Up until now, kindergarteners went to school for almost three hours in the morning in Forest Grove and either in the morning or afternoon in Gaston, and for three full days in Banks. Full-day, five-days-a-week kindergarten was not a public school option.

So Wendy Hale paid extra last school year for her child to attend full-day kindergarten at Pacific University’s Early Learning Community. Her son had already had a couple years of full-time preschool and Hale “didn’t want him to take a step backward,” she said.

Hale said her son was able to handle the full day and took a nap when he got home from school. She’s excited for the Forest Grove School District’s full-time kindergarten because she has younger children who will eventually benefit.

“I’m excited; I can’t wait,” said Suzanne Cordes, who’s taught kindergarten at Fern Hill Elementary School in Forest Grove for eight years. “I think it will be really good for kids. It will get them used to being in school and will give them a really strong foundation.”

Cordes realizes the new schedule will be a transition for children, many of whom will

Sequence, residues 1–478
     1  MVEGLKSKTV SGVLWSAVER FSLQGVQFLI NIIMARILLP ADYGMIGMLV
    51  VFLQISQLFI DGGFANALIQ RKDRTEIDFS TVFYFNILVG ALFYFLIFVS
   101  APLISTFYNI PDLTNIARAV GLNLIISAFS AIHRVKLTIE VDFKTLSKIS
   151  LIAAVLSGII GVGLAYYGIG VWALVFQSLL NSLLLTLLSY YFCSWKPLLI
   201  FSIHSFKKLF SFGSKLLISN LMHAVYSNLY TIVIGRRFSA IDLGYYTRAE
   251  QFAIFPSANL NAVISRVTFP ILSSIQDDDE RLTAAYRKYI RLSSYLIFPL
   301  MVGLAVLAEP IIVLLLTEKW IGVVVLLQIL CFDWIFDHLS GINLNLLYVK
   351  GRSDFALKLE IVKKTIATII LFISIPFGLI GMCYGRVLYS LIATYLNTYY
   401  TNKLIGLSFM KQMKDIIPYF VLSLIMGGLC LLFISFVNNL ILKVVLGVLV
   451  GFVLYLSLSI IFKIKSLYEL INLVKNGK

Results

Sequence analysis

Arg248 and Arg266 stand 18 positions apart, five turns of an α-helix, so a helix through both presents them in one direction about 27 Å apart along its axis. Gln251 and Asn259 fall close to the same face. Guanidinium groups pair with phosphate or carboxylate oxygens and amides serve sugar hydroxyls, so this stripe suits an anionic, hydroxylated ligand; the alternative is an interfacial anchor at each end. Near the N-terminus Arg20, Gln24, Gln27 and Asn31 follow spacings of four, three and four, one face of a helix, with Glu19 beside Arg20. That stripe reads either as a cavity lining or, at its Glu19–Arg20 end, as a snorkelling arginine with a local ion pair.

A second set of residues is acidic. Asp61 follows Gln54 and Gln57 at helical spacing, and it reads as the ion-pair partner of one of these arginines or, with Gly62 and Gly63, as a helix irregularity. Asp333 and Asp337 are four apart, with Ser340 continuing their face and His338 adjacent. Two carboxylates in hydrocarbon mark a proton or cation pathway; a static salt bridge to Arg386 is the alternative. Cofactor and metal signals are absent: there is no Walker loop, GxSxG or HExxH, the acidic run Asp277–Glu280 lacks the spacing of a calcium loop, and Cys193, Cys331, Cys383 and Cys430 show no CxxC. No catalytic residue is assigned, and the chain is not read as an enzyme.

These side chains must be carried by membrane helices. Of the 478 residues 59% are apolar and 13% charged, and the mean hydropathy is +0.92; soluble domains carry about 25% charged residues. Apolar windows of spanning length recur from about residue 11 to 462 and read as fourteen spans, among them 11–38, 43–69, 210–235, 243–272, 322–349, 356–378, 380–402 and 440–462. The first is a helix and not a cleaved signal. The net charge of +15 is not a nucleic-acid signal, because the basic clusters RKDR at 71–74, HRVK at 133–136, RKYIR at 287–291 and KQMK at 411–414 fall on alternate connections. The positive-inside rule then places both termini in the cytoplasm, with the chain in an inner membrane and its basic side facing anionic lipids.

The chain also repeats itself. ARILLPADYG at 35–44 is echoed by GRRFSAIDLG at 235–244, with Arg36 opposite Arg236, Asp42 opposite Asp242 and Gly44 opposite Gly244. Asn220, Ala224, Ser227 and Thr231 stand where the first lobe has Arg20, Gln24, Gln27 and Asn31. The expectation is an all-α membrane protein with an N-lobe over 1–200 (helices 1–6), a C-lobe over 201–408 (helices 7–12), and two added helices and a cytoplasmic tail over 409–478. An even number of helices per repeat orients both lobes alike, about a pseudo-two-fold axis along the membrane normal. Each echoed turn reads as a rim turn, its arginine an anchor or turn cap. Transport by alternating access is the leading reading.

be away from their parents for the first time.

But she also believes they will have a more

solid understanding of pre-reading stepping stones.

“They’ll go to first grade really ready to go.”

Forest Grove School District leaders hired nine new kindergarten teachers to fill the full-day shoes in their six elementary schools. According to FGSD’s Chief of Staff Connie Potter, adding full-day kindergarten will cost the district about $1 million, much of which will be offset by money from the state set aside to help schools make the transition.

Potter said they’ve received a mix of comments from parents who are excited and concerned. While it’s not encouraged, parents who don’t want their children attending kindergarten for a full day can pull their child out of school after morning classes, but Potter hasn’t heard of any parents in the district planning to exercise that right.